Be prepared for prose. Tedious, endless prose.

Out of boredom, and the fact that I haven’t bothered writing anything here for a while, I thought I’d upload this review I wrote about a year and a half ago of James Miller’s Sunshine State. Originally penned for Ireland’s Sunday Independent, the review was subsequently never published – which only goes to show how truly shit a writer I am, effectively. In any case, here it is for your delectation. I really hope it doesn’t bore you as much as it obviously did the literary editor, but in all probability you will be fairly stultified. For that, I pre-emptively apologise.

A chillingly dystopic vision of a post-apocalyptic near-future, Sunshine State is the sophomore effort from James Miller whose acclaimed debut Lost Boys was a similar work of speculative fiction. Mark Burrows, a secret service agent, is summoned for one final mission; to journey into the chaotic Florida ‘Storm Zone’, a region decimated by hurricanes, and seek out his former colleague (and brother-in-law) Charlie Ashe who has apparently gone renegade. As he ventures closer and closer to his target, Burrows is confronted with the embers of an incinerated civilisation, encountering a terrifying new world of fanatical cults, criminal gangs and abandoned armies.

With unavoidable echoes of Joseph Conrad’s Heart of Darkness, Sunshine State also owes much to John Milton’s Paradise Lost. Burrows’ odyssey is replete with homages to these classic works – even Charlie Ashe, or ‘Kalat’ as he has become known in his new incarnation, bears a fairly-blatantly uncanny resemblance to Kurz. Kalat has become a symbolic figure for the disenfranchised and the dispossessed, who gravitate towards the lawless Storm Zone to escape injustice and repression elsewhere. Fearing Kalat’s power, the shadowy powers-that-be send Burrows to eradicate this populist threat.

James Miller exhibits some masterfully florid prose with some truly atmospheric descriptive passages. The landscapes are vivid, the imagery compelling, the universe utterly believable. With every step Burrows takes dragging him further into this abyss of a new dark age, it feels as if you are being dragged right down with him. Miller manages to submerge the reader in this world – to call the book ‘immersive’ would be an understatement.

It is therefore doubly disappointing the neither the story nor the characters who inhabit it manage to do such creative flair justice. The plot is simply nowhere near compelling enough, there are no twists and turns, no revelations to sink one’s teeth into, no real drama, no suspense save for the wonder of what destroyed-and-reinvented part of Florida will appear next. It could be that the storyline is itself nothing more than a prism through which to view the full extent of the author’s imagined setting but, while this would be justifiable, it does struggle to maintain the reader’s interest in spite of the colourful environments.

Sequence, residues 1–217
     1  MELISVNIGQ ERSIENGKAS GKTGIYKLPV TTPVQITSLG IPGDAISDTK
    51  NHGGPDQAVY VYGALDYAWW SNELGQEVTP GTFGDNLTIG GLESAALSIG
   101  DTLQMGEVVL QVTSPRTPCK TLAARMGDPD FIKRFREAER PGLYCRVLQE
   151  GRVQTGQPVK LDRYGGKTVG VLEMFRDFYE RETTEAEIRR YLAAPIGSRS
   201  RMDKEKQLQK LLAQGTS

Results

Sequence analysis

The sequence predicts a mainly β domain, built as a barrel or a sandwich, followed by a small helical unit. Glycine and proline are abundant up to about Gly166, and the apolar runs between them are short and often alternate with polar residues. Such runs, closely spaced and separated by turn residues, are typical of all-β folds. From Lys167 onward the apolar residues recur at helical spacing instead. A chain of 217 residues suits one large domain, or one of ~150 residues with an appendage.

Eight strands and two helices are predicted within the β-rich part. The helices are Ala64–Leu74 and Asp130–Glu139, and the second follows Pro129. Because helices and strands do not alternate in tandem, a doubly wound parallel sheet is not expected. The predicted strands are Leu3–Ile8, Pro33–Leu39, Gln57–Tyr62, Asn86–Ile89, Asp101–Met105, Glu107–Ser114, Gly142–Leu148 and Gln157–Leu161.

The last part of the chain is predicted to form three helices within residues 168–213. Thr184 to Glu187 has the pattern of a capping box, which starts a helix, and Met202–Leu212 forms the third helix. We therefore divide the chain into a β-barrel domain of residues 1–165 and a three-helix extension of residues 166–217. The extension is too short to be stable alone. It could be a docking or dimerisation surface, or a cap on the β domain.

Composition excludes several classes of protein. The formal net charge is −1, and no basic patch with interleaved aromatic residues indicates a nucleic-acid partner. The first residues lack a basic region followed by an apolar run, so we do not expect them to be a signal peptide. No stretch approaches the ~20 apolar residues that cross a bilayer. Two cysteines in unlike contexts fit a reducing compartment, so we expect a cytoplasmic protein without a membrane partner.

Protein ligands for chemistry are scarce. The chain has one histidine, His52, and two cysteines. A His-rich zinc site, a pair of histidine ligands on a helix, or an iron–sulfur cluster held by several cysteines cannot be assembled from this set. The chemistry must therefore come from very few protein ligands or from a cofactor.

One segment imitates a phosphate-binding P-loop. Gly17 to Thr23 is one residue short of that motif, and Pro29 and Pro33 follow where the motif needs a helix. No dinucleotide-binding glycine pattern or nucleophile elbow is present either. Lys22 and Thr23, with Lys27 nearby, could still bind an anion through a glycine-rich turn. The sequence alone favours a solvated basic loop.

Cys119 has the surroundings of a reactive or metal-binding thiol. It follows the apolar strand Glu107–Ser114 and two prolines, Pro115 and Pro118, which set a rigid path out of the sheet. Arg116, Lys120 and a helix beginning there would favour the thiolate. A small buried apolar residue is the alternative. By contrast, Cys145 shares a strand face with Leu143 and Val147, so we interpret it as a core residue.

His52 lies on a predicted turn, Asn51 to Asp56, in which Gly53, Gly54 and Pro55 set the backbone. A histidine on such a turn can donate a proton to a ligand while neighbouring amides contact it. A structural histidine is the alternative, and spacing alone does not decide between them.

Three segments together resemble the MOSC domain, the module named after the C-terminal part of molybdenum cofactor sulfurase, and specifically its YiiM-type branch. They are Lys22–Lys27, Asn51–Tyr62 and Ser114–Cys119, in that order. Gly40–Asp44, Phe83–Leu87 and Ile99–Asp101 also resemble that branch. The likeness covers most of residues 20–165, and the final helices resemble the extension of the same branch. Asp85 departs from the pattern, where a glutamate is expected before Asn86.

As for the characters, the main protagonist is empathic enough to follow with a degree of sympathy without ever achieving much depth or complexity, but too many of the other individuals are either featureless, clichéd or ludicrously over-the-top. It doesn’t seem to matter who populates Sunshine State, as it’s the creative vision that we are clearly meant to be marvelling at rather than nuances of character development. There is some internal conflict in Burrows regarding the morality of his mission – he has, after all, been sent to track down and ‘neutralise’ his own brother-in-law – but even this feels heavy-handed and unsubtle.

Sunshine State is certainly worth reading for the engrossing passages describing a bountiful land brought to its knees by climactic disaster, and its satirical commentary on American culture is equally articulate. However, the derivative storyline and vacant characters fail to challenge the reader sufficiently to merit more applause, and the fairly predictable story arc does nothing to engage said reader’s enthusiasm. All in all, a tale bereft of complex characters or an adequately-woven plot, but a vibrant and lush setting nonetheless.

Solidarity brothers & sisters… ☭

P.S. Here is a much, much better review of the same work, showing exactly how a review should be done.

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About Seba Roux

Gooner, Socialist, Historian, Slacker. That's pretty much all you need to know.
This entry was posted in Gibberish, Journalism and tagged , , , , , , , , , . Bookmark the permalink.

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